The Root of Knowledge

Check out the alt text on today’s XKCD comic:

For those who couldn’t be bothered to mouse over, the alt text reads: “Wikipedia trivia: if you take any article, click on the first link in the article text not in parentheses or italics, and then repeat, you will eventually end up at ‘Philosophy.'”

I gave it a shot with the article featured in the comic (spark plug) and, sure enough, it took me 27 clicks to get to the page for philosophy. Once I was there I kept playing the game by clicking on “rational argument,” which led to the page for reason. Reason leads to rationality, which leads to — yup — philosophy.

I’m not sure there’s any lesson that can be honestly derived from this exercise, but I’m gonna derive one anyway. That lesson being: Everything comes back to philosophy. Randall Munroe and Jimmy Wales just proved it.

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11 Responses

  1. And philosophy has no answers.

  2. “Turkish Army” and “Turkish Armed Forces” point to each other.

    • Philosophy has nothing to say about the Turkish Army. Therefore, it does not exist.

  3. I went to Wikipedia and clicked on Random Article. Then I played the game and it went like this…

    Øivind Andersen
    List of Municipalities of Norway
    Nordic Countries
    Atlantic Ocean
    Chemical Substance
    Science (it was here I though I was getting close, but there was still a little ways, yet)
    Finite Set
    Property (Philosophy)
    Philosophy (Modern)

    So, twenty steps from Øivind Andersen and I was there. That was actually quite interesting.

  4. It’s an artifact of the definition of philosophy, and the history. Philosophy is the “Love of Wisdom”, in Greek. Essentially every subject of knowledge today was once considered a branch of philosophy, which is why people get Ph.D.’s (Doctorates in Philosophy) in such varied subjects as mathematics and literature.

    It’s a word with a broader meaning than one might imagine — a very broad meaning. In fact, every useful subject within it has been “broken out” into its own field as soon as it started developing a significant body of knowledge. A particularly important example is “natural philosophy” (which became “science” and has been further splintering). Logic was a late bastion of philosophy departments, but math departments have it now. Philosophy departments have only the leftovers — which does include many of the roots of knowledge, but also a lot of boring dead ends that never developed *enough* to get their own departments.

  5. I just tried the philosophy game and holy cow that works, here’s my trail:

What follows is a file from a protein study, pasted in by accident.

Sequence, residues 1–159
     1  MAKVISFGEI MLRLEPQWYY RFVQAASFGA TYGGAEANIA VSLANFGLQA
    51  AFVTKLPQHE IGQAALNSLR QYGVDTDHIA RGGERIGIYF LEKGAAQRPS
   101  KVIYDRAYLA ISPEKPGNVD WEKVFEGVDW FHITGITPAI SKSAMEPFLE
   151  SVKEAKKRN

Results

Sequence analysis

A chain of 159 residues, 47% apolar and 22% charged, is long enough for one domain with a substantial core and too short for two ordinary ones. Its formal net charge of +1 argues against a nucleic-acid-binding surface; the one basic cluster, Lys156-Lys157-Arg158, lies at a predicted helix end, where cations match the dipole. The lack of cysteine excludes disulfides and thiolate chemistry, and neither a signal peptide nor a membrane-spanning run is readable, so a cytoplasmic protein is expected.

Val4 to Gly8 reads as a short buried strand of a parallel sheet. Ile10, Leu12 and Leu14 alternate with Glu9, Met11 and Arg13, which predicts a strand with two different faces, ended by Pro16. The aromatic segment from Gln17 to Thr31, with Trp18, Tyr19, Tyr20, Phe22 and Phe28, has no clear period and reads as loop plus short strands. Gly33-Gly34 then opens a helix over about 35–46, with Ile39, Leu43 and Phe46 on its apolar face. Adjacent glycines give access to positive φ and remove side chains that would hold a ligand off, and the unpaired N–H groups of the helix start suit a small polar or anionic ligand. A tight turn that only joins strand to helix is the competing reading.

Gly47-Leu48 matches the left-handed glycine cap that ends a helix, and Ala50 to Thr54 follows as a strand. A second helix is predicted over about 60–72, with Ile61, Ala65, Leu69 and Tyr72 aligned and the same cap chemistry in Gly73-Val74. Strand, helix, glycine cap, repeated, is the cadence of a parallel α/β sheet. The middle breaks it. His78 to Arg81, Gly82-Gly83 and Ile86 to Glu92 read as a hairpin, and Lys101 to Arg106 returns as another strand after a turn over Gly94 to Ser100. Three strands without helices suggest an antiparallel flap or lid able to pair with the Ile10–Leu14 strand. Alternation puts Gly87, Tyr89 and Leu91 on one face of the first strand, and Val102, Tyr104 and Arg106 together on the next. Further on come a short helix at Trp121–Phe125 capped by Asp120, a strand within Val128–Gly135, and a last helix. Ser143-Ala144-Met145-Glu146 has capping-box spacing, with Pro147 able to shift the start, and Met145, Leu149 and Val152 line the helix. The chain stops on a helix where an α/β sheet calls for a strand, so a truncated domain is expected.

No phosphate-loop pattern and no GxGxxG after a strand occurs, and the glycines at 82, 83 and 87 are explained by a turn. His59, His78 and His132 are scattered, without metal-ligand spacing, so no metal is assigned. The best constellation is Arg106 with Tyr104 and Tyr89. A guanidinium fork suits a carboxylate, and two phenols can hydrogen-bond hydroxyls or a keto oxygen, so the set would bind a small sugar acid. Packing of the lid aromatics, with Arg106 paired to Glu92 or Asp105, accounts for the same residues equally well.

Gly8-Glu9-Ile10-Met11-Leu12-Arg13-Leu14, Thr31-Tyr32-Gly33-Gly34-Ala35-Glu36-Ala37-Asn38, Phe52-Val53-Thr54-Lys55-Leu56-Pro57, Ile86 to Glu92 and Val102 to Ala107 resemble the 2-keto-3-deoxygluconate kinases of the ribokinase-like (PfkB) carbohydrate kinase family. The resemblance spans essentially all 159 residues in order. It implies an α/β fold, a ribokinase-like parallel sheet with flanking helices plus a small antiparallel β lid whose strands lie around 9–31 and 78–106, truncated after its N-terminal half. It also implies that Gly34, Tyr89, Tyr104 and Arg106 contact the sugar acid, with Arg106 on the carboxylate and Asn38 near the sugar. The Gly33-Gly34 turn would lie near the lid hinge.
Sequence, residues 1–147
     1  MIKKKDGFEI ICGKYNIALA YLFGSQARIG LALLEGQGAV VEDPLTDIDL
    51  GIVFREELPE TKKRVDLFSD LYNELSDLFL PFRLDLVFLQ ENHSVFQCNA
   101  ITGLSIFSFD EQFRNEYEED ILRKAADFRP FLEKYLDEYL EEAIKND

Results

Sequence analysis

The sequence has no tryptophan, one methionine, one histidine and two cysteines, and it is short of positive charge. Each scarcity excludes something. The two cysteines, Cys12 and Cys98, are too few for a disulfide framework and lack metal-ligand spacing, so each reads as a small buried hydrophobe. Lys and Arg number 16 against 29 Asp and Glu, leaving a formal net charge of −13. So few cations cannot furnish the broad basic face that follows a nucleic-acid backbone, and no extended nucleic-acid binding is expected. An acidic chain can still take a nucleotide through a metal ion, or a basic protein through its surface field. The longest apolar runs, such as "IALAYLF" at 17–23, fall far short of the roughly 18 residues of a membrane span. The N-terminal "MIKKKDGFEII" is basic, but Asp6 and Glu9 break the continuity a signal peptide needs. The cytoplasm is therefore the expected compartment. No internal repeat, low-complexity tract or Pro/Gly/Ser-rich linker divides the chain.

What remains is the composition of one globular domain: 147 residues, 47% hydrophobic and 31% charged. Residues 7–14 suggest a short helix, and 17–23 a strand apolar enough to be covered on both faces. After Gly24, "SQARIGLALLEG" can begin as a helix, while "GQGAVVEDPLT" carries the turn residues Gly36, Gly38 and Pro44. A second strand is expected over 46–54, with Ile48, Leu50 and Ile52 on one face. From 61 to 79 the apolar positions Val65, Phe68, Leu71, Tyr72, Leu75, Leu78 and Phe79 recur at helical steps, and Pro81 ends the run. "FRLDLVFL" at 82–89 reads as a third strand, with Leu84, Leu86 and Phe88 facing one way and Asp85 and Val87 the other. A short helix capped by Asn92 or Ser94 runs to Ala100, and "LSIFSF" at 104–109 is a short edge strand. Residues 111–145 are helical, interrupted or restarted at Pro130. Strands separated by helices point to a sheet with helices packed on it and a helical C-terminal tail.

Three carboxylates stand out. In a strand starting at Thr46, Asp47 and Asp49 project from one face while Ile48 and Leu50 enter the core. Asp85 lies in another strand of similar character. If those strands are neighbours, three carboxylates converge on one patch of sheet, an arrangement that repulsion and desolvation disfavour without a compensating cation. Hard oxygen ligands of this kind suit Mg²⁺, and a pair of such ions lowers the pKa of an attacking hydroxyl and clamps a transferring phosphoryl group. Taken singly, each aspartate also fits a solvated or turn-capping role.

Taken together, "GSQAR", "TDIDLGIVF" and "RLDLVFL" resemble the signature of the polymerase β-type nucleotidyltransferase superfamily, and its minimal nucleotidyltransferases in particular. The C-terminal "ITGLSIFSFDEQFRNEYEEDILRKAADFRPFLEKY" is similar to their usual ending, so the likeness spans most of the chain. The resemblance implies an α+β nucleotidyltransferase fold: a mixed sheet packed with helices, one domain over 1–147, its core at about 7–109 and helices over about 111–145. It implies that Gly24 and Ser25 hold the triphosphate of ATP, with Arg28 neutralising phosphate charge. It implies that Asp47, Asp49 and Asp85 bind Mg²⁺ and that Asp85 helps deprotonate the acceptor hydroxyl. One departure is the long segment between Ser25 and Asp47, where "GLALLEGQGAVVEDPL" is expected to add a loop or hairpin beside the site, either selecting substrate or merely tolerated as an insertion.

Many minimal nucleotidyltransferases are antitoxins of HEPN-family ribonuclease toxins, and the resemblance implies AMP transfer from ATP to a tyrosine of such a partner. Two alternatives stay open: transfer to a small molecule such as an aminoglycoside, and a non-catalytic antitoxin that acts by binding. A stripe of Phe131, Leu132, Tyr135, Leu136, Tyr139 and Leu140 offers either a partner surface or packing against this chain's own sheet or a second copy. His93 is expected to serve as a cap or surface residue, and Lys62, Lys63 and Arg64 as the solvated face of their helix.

Depleted uranium
    Chemical element
    Chemical substance
    Finite set
    Modern philosophy

  6. I got to philosophy all right, from several random starting points, but in the Wikipedia I’m seeing, the sequence after that goes

    Natural Science
    Finite set
    Property (philosophy)
    Modern philosophy

    So by this test, philosophy’s claim to be ‘the root of knowledge’ is no better than those of biology and mathematics, alas.

  7. I started out at “List of Star Wars species (F-J)”. It took me there, too.

    The first link often locates the more general context of the specific hierarchy. So basically as you click on the first link, you’re working your way back up the taxonomy. And as the ontology becomes more general, you’re going back to the logical foundations of knowledge.

    Science, for example, ~is~ a subset of philosophy, because science is a knowledge-oriented project distinctive for its perspective on epistemology. And if you head towards more general discussions of empiricism vs. rationalism, you’re in philosophical grounds. It’s not that “philosophy is all the useless bits”, it’s that the pragmatic applications of certain epistemological and metaphysical assumptions are arguments in their favor. In contrast to ethics, for example, where various meta-ethical issues are more unsettled.

  8. Philosophy doesn’t point to rational argument. It goes to existence, and then senses, and then a few others (including biology) before getting back to philosophy. All of the members of that loop are bases of the tree.

    Interesting about the turkish army – there must be other loops like this out there where you get spun out of the main flow…

    • I think the philosophy article has been edited since I wrote this post.

  9. It took 23 clicks to reach philosophy from my last wikipedia search (“Sean Burroughs”, a baseball player).

    Like some previous commenters, my road to “Philosophy” first rambled through “Science”.

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